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30-hours could widen the social mobility gap, says Sutton Trust

By Rachel Lawler

 
A new report from the Sutton Trust has argued that the government’s 30-hours scheme could widen the gap between the disadvantaged children and their more advantaged peers.
 
The report, Closing Gaps Early by Dr Kitty Stewart and Professor Jane Waldfogel, says that the 30-hours offer is not designed to increase social mobility and argues that it is being implemented at the expense of quality early years education for disadvantaged children.
 
The report also says that funding for disadvantaged two-year-olds and the early years pupil premium do not do enough and have a limited impact.
 
Quality over quantity
The Sutton Trust has argued in favour of focusing on quality over quantity and suggests that the 30-hours offer be “reversed” unless the government is able to adequately fund the scheme and prevent a reduction in quality.
 
Sir Peter Lampi, chairman of the Sutton Trust and of the Education Endowment Foundation, said: “It is understandable that the government wants to improve access to childcare for working parents. But this must not be at the expense of good early education for disadvantaged children. It is the quality of provision that matters. Focusing on getting it right for the poorest two and three-year-olds would make a much bigger difference to social mobility, by improving their changes at school and in later life.”
 
Funding cuts
The Sutton Trust also noted that the government has recently cut funding for graduate training for early years professionals and removed the requirement for nursery and reception classes to have a qualified teacher.  It called for funding to be secured to ensure that qualified teachers remain in place and to support greater career opportunities for early years professionals.
 
Neil Leitch, chief executive of the Alliance, commented: “While investing in a highly-qualified workforce, as this report recommends, is certainly one piece of the puzzle, qualifications in and of themselves are no guarantee of quality. There are plenty of years practitioners who may not have formal qualifications but are experienced, passionate, caring and have an excellent understanding of child development.”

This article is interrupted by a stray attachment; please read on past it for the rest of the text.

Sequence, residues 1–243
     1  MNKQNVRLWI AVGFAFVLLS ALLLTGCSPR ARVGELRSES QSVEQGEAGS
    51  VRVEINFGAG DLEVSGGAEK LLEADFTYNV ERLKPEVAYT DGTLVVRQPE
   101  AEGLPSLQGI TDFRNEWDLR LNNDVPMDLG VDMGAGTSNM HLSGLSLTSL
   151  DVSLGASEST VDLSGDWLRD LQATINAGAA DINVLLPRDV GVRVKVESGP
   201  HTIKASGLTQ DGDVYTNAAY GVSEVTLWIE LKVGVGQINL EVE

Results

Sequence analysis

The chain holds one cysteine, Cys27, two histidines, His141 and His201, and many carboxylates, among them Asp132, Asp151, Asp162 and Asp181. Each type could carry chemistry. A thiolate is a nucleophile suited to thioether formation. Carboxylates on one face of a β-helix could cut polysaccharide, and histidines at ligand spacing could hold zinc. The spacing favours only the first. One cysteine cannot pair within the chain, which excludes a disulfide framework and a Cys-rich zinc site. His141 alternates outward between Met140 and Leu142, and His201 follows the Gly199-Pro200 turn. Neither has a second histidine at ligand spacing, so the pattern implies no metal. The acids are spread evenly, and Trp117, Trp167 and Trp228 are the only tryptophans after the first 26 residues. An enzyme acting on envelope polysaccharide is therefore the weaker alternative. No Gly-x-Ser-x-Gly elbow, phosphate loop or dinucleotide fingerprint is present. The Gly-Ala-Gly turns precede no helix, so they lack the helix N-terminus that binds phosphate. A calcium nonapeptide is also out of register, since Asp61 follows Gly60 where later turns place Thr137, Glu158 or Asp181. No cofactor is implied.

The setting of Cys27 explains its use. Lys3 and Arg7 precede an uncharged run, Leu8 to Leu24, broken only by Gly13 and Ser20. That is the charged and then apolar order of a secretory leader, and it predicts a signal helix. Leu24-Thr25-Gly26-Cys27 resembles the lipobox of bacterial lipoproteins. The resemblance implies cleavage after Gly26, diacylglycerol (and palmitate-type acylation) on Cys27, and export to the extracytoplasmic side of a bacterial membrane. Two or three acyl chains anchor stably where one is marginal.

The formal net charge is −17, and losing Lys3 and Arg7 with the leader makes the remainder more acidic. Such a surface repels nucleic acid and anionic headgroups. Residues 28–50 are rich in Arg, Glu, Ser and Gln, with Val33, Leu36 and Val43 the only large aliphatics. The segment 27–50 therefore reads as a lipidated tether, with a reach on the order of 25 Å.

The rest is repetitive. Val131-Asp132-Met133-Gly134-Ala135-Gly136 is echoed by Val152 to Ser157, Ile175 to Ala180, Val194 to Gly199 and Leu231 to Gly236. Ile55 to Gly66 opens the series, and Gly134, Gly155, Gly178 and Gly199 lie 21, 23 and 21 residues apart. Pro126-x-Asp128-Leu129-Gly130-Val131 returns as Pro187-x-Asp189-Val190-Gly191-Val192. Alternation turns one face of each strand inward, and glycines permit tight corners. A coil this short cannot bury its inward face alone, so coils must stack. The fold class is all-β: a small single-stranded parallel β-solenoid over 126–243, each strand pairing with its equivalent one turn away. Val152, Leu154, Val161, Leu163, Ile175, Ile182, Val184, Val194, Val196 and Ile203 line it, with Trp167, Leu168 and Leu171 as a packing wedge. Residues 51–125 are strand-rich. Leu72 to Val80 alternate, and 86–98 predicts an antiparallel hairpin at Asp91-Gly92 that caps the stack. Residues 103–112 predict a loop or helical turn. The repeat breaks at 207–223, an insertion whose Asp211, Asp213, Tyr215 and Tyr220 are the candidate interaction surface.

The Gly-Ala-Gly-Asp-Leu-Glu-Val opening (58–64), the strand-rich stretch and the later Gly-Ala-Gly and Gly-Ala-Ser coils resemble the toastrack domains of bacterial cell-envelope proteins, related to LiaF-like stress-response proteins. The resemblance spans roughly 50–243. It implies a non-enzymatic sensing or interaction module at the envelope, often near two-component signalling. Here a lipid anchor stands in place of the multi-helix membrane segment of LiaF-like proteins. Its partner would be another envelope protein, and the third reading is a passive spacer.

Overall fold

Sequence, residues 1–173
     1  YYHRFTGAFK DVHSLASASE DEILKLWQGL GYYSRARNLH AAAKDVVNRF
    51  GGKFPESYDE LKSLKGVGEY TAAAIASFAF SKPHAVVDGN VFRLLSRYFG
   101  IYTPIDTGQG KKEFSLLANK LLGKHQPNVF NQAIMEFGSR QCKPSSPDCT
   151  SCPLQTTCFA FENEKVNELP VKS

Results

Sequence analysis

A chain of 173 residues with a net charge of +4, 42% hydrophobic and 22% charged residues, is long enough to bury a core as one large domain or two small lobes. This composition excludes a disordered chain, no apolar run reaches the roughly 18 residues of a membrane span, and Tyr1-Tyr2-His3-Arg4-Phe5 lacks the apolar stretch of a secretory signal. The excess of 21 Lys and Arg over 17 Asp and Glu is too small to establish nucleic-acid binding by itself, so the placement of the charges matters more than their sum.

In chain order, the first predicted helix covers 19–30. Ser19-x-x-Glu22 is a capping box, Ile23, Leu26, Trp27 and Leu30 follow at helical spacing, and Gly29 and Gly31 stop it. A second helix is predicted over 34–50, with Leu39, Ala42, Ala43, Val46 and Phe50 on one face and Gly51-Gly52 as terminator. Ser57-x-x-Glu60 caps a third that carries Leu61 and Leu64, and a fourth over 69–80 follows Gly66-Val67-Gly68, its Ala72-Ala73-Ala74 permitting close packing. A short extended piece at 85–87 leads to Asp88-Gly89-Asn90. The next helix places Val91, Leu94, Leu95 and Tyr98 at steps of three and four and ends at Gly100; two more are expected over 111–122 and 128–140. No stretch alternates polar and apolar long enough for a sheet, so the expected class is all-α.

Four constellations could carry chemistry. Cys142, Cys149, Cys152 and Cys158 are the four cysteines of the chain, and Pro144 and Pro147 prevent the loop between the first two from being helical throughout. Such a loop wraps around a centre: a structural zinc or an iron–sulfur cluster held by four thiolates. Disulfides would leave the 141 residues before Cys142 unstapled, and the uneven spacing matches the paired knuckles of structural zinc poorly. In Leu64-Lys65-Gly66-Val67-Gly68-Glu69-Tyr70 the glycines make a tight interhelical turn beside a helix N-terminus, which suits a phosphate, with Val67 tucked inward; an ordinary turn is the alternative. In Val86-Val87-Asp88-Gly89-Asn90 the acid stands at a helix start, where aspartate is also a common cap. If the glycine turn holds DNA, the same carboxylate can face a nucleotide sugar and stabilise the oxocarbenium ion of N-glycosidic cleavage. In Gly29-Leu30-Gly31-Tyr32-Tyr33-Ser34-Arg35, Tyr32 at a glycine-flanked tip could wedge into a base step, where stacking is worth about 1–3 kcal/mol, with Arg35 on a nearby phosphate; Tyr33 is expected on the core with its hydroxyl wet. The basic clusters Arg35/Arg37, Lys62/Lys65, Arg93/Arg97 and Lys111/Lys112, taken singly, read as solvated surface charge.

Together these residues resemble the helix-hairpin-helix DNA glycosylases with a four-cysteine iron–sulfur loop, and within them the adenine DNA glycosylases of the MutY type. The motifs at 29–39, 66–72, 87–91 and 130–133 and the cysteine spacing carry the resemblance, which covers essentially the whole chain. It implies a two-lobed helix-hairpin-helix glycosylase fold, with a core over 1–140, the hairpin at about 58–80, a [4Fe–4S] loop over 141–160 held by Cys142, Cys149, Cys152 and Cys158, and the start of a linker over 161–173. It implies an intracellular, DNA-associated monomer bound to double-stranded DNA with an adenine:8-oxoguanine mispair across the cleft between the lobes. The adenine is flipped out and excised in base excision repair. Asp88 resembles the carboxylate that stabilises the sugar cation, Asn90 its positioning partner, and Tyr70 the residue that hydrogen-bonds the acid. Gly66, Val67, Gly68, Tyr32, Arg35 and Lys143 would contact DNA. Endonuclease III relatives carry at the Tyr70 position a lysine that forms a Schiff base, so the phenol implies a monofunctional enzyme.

Close the gap
However, Neil also said that the report was right to warn about the government’s focus on quantity over quality through the 30-hours offer. He said: " The government talks a lot about the need to ‘close the gap’ between the most disadvantaged children and their peers, and yet its flagship childcare policy actually risks making things worse. Research has shown that the 30-hour offer disproportionately benefits more well-off families, while those at the bottom end of the income ladder – whose children often gain the most from accessing quality early years provision – risk getting left behind.”
 
Neil added: “Ultimately, the government needs to decide what its priority is when it comes to early years policy: supporting children’s learning, or just getting parents back to work. Because it’s easy to talk about the importance of improving social mobility, but without the action to match those words, it’s all just empty rhetoric.”

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